The cellphone is an invaluable and inseparable part of our digital lives. That must be why losing access to it — even for an hour or so — can cause widespread public protest and civil disruption.
OK, so there are several education issues more important than the proposed cellphone ban in Ontario classrooms.
The thousands of students who walked out of their schools or teachers who protested on the lawn at Queen’s Park recently are more concerned about cuts to the education budget overall (as well as increased class sizes, accommodating students with special needs, curriculum development, the so-called student choice initiative and the firing of thousands of qualified teachers) than about banning cellphones in the classroom.
But among the proposals contained in the Ontario government’s new Education that Works for You document, there’s that province-wide call to do just that.
Lisa Thompson, Minister of Education, announced the plan and the ban are to take effect next September.
“Ontario’s students need to be able to focus on their learning – not their cellphones,” Thompson said in a statement. “By banning cellphone use that distracts from learning, we are helping students to focus on acquiring the foundational skills they need like reading, writing and math.”
There’s long been a debate about the impacts of cellphone use in class, but no single conclusion or outcome has been reached. The argument about cellphones in the classroom can become just as distracting as their possible use there. Are cellphones and other mobile devices useful teaching tools or dangerous distractions in the classroom?
They’re both: that’s why other jurisdictions have struggled with the issue. Some choose to overturn existing cellphone bans, some work with a ban similar in construct to the proposed new rules, some never implement a ban in the first place.
Toronto’s own school board tried for four years to implement a top-down cellphone ban; doing so was found to be almost impossible to enforce and the TDSB now lets individual teachers decide what is best for their students and classes (awaiting final outcome of the proposed bill).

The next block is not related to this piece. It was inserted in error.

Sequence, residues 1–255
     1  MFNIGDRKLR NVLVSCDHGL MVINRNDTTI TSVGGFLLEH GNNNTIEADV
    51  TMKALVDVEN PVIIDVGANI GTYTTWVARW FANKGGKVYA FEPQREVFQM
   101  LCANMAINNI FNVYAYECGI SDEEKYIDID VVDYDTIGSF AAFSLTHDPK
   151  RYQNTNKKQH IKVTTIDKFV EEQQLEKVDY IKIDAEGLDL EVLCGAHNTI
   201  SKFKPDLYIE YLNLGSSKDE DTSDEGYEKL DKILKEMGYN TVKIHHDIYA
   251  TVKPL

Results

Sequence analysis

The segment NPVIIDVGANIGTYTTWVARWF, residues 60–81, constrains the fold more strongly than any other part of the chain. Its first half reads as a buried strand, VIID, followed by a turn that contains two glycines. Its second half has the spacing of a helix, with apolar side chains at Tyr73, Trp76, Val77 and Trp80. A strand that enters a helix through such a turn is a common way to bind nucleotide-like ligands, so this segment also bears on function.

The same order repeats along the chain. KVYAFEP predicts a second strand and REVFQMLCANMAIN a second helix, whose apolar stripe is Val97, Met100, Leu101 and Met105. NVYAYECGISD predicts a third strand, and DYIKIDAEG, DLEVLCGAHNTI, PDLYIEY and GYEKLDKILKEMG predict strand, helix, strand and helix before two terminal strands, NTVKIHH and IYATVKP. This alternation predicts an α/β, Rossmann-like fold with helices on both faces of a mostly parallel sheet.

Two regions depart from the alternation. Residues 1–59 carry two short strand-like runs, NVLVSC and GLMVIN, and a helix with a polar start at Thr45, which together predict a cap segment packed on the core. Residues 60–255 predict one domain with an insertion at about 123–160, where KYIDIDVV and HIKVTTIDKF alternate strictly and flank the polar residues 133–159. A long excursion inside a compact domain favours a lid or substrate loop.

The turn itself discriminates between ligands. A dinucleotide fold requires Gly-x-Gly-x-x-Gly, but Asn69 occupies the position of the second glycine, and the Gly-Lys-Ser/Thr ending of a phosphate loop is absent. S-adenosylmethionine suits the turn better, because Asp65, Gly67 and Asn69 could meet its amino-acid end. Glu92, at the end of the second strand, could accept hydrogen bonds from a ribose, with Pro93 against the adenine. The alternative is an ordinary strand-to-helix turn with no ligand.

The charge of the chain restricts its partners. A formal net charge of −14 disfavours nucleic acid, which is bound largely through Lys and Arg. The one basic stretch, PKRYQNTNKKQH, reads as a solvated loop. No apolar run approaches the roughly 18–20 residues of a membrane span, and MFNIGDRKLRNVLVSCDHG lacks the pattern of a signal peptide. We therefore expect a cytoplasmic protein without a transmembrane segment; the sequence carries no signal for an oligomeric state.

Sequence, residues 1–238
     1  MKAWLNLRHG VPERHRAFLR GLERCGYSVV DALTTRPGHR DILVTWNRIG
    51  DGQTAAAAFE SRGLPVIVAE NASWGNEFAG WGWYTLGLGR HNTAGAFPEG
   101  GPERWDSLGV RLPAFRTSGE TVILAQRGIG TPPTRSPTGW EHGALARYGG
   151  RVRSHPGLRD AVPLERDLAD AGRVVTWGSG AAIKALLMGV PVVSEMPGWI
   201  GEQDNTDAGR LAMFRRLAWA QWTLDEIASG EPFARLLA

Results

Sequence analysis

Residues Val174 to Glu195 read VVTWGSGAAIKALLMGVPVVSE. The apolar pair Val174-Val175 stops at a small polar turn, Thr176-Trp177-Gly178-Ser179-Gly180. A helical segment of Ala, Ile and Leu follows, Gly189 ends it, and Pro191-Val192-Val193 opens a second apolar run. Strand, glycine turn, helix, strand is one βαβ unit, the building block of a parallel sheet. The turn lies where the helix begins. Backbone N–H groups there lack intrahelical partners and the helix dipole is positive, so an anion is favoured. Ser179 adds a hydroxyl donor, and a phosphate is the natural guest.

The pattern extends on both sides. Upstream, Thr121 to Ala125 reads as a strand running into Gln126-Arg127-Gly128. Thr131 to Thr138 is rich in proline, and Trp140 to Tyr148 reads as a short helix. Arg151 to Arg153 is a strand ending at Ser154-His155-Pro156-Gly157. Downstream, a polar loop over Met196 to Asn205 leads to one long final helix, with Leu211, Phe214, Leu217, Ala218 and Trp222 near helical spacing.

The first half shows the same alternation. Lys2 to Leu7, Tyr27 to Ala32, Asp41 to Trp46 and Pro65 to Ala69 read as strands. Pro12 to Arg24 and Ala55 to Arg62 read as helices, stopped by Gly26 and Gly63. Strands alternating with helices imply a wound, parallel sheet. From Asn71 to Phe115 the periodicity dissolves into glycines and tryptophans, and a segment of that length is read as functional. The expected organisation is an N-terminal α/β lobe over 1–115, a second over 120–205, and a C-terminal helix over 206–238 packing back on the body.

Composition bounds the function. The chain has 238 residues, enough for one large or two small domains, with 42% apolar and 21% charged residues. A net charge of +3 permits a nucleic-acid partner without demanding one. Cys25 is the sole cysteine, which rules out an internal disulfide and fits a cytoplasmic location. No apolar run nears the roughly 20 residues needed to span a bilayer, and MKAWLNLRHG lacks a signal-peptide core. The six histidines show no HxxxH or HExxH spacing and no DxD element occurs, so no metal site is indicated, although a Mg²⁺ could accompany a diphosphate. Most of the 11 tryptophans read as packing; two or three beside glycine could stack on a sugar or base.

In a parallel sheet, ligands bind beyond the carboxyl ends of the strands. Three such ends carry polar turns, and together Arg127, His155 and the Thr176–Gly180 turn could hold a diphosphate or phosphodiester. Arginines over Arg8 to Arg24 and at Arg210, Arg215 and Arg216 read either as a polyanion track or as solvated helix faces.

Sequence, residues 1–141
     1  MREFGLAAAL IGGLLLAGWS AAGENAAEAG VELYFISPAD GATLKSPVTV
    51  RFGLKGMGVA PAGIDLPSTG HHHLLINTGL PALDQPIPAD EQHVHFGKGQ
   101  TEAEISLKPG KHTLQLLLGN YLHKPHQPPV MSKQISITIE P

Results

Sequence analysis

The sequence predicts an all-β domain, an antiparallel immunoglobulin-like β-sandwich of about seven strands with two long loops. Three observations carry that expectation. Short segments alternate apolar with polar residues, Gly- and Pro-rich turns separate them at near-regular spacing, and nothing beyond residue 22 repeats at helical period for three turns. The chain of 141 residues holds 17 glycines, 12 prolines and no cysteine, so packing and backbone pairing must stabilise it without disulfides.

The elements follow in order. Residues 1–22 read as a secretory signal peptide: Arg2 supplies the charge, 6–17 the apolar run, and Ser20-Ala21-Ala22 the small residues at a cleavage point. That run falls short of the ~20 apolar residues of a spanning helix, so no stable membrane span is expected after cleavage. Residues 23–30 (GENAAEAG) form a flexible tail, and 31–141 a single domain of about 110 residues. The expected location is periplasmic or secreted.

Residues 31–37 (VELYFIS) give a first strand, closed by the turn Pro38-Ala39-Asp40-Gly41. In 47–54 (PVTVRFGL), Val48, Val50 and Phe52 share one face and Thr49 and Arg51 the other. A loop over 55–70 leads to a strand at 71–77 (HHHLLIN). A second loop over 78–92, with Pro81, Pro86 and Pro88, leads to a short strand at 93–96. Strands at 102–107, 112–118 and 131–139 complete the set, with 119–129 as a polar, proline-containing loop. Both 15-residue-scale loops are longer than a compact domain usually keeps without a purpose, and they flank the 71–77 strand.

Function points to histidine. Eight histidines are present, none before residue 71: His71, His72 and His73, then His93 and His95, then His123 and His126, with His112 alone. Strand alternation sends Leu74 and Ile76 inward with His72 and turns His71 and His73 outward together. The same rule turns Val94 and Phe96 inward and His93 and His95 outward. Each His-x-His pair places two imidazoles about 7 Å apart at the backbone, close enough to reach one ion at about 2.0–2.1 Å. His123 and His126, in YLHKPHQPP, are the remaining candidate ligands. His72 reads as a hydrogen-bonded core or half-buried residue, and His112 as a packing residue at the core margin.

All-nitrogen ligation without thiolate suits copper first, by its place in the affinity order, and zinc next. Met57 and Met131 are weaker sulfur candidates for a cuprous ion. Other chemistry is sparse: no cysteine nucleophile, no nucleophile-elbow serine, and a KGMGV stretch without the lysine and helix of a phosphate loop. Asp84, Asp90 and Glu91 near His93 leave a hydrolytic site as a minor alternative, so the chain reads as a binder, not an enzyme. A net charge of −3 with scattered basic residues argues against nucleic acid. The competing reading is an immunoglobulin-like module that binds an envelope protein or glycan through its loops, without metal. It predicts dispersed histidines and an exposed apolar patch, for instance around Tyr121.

Alberta’s education minister David Eggen said his province is not considering implementing a ban, preferring to let teachers and school boards make their own rules. The Alberta Teachers Association conducted a multi-year study into cellphone use in the classroom and technology’s overall impact on student performance. There were several pluses and minuses identified, of course, leading the group to recommend that teachers and students should be informed about the issues and given the opportunity to establish their own classroom culture that uses technology appropriately, if at all.
Proponents of digital media literacy training in schools say that rather than banning use, students should be taught how to use mobile phones and other digital devices responsibly, often while introducing other important topics like social media and online privacy.
(It should be noted that there’s long been vocal proponents for a total ban of cellphones and Wi-Fi in school, and not they say because cellphones are a distraction, but because they are a health hazard. Canadians for Safe Technology, for example, is a not-for-profit, volunteer-based coalition that wants to educate people and inform policymakers about the dangers of exposure to unsafe levels of radiation from such technology.)